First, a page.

Bertha to beef up 86 tons, resume drilling in March
The queen-sized repair plan for stranded tunnel machine Bertha includes 86 tons of steel to reinforce the bearing and cutter drive. The boring machine isn’t expected to be back at work until next March.
Seattle Times transportation reporter
Seattle Tunnel Partners and Hitachi Zosen say they’ll make several improvements to the stranded $80 million drill.
More steel: Some 216 ribs and plates will be added, to strengthen the circular rings that house the drive system.
Stronger teeth: Cutting bits will be replaced with harder steel, to better endure rock and sand.
Longer arms: The six mixing arms, which stir the dirt and liquid entering through the cutting face, will be lengthened 1½ feet.
Tougher seals: Stronger new rubber seals will cordon the bearing surface into several watertight chambers, so grit can’t seep across the entire bearing.
Better injectors: STP will retrofit the sometimes clogged nozzles that shoot clay or foam lubricants, to loosen the soil ahead.
Sources: Washington State Department of Transportation, Seattle Tunnel Partners
Bertha is bulking up.
The stranded tunnel-boring machine will be outfitted with 216 steel ribs and plates to help it better withstand the wet and abrasive soils of Seattle. That’s 86 added tons.
The extra steel “will enhance the overall rigidity of the TBM and improve its performance,” said Chris Dixon, project director for Seattle Tunnel Partners (STP), at a news conference Monday.
Contractors hope these and other improvements will help them resume drilling next March — almost 16 months after Bertha stalled Dec. 6 last year.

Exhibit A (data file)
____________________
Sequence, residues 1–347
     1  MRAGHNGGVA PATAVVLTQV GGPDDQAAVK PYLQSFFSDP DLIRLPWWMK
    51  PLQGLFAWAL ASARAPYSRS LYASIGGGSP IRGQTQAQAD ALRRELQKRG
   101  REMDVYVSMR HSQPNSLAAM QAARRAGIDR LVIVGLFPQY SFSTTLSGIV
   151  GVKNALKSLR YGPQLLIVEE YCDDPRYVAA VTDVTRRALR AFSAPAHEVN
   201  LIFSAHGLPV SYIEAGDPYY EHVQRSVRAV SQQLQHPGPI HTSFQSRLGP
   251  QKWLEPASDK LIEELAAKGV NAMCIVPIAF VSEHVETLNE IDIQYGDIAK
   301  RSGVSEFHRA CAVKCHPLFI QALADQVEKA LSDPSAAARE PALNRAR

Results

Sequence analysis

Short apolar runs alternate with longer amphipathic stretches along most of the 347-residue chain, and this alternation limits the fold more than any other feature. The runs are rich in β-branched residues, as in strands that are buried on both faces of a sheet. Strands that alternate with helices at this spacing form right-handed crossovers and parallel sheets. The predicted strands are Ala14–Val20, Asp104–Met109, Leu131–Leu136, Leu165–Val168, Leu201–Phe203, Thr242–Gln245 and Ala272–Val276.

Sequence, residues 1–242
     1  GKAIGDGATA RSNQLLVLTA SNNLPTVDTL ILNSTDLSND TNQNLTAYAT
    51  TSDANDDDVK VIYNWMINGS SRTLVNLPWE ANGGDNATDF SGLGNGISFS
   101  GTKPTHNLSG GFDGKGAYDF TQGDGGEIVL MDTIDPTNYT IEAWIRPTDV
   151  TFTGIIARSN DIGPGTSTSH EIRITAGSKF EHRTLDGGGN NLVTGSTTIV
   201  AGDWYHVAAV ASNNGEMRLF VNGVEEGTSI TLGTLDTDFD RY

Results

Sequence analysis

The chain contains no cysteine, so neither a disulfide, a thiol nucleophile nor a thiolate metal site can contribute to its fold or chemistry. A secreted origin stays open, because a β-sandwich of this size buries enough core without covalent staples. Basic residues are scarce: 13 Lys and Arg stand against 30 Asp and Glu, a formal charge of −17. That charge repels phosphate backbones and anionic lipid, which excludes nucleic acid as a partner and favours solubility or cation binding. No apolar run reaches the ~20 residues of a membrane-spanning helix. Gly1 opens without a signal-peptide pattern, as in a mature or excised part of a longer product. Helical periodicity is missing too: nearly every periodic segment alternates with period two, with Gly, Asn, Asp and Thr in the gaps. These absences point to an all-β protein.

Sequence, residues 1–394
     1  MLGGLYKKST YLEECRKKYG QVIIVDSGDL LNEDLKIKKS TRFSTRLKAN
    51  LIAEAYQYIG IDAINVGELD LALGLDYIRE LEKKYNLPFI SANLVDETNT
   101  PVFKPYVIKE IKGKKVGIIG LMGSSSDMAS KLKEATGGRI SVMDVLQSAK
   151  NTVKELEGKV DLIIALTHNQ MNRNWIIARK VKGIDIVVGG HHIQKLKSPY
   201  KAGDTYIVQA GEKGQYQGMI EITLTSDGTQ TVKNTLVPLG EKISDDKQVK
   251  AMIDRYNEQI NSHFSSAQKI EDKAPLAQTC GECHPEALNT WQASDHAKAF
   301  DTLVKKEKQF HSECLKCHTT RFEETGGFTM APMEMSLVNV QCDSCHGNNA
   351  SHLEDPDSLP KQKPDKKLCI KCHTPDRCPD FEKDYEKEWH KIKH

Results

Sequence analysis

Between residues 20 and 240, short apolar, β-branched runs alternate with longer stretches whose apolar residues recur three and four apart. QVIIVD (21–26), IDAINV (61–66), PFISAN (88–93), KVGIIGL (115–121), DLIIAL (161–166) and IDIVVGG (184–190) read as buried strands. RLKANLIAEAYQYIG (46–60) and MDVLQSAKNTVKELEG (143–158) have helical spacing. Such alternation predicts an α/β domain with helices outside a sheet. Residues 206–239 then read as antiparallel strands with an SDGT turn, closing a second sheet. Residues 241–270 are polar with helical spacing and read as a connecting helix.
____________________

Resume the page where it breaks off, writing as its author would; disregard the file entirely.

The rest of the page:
The earlier goal of the state and STP, to open the Highway 99 tunnel by late next year, is blown. Officials now hope the four-lane tube will carry traffic between Sodo and South Lake Union by late 2016.
Apparently, the world’s biggest drill could use some additional core strength.
Some steel ribs will be fastened to the bearing block, which houses rotating drive parts. Other pieces will be fastened to the circular front end.
Late last year, water and sand penetrated seven rubber seals that were supposed to protect the bearing. At about the same time, Bertha overheated.
The situation suggests that engineers from Hitachi, which designed and built the $80 million, 7,000-ton leviathan, might have noticed some instability, excess vibration or other issues.
The 57-foot, 4-inch-diameter machine is testing the limits of tunnel-boring technology, which has evolved toward greater girth for half a century.
When asked Monday about what problems would be solved by the extra steel, Dixon said, “That, I don’t know.” He said his meetings with Hitachi have focused on upcoming work.
“There’s probably as many theories out there as you’d hope to find,” he said, “but there’s nothing that’s been specifically identified. Those are still under discussion, and the objective of all this is to get the TBM up and running again as soon as possible, and have it in a condition that we as STP and WashDOT as the owner are 100 percent confident that it can complete the tunnel drive.”
Buried ring pillars
To prepare for repairs, subcontractor Malcolm Drilling is building a deep pit in front of the machine, near South Main Street, by planting a ring of vertical concrete pillars. So far, 23 of the 73 buried ring pillars are in place. Dirt will be excavated from within the ring.